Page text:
Most Formidable Woman
Lady Catherine de Bourgh, Pride and Prejudice
Proud, imperious, bossy, and insufferable. And those are among Lady Catherine De Bourgh's better qualities. In my estimation, she tosses off one of Jane's best lines: "There are few people in England, I suppose, who have more true enjoyment of music than myself, or a better natural taste. If I had ever learnt, I should have been a great proficient." We should be happy that Lady Catherine has such a high opinion of herself, for she was the means by which Darcy and Lizzy were reunited. Had she not dashed off to Longbourn to persuade Lizzy to give up all and any claims to Darcy's affections, he might never have heard of her impertinence in not promising to enter into an engagement with him. The last words Lady Catherine utters in the novel sums up her character nicely: "I take no leave of you, Miss Bennet. I send no compliments to your mother. You deserve no such attention. I am most seriously displeased." Lady Catherine never fails us in our opinion of her.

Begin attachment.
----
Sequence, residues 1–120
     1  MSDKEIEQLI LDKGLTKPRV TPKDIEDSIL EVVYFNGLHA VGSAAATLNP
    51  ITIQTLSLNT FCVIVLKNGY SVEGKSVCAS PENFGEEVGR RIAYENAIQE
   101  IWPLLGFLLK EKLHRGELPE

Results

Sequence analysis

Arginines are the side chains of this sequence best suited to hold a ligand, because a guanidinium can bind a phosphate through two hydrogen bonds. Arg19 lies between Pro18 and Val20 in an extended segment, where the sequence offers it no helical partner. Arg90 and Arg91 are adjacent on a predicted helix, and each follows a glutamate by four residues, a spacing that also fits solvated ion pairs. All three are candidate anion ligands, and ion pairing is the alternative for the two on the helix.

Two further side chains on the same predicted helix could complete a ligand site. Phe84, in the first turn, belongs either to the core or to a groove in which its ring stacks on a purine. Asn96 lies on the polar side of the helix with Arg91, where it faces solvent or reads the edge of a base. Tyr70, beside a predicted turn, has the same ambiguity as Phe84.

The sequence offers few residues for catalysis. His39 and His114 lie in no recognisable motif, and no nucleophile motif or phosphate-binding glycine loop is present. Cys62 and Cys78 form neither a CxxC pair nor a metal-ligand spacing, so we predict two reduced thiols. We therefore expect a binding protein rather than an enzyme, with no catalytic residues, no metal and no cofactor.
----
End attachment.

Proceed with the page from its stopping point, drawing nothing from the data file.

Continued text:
Mrs. Ferrars, Sense and Sensibility
Edward Ferrars' momma is not a nice lady, and that's the sweetest thing we can say about her. Proud, spiteful, and as motherly as a cuckoo bird who allows others to rear its offspring, she holds the monetary sword of Damocles over her eldest son's head, always threatening him with disinheritance if he does not obey her in all things. As soon as she learned about Edward's engagement to Lucy Steele, she rewrote her will, leaving her fortune to her second (and favorite) son, Robert. The irony of the plot was that Robert wound up marrying Lucy AND keeping the fortune, but all was not lost for Edward. He married the woman he loved and achieved his ambition to become the rector of his own parish. As for Mrs. Ferrars, her values were so askew that she preferred Lucy and Robert over Elinor and Edward. Lucy and Robert"settled in town, received very liberal assistance from Mrs. Ferrars, were on the best terms imaginable with the Dashwoods, and setting aside the jealousies and ill-will continually subsisting between Fanny and Lucy, in which their husbands of course took a part, as well as the frequent domestic disagreements between Robert and Lucy themselves, nothing could exceed the harmony in which they all lived together." Hah! Oh, how I would like to be a fly on the wall during those times of family bickering, no doubt encouraged by Mrs. Ferrars herself.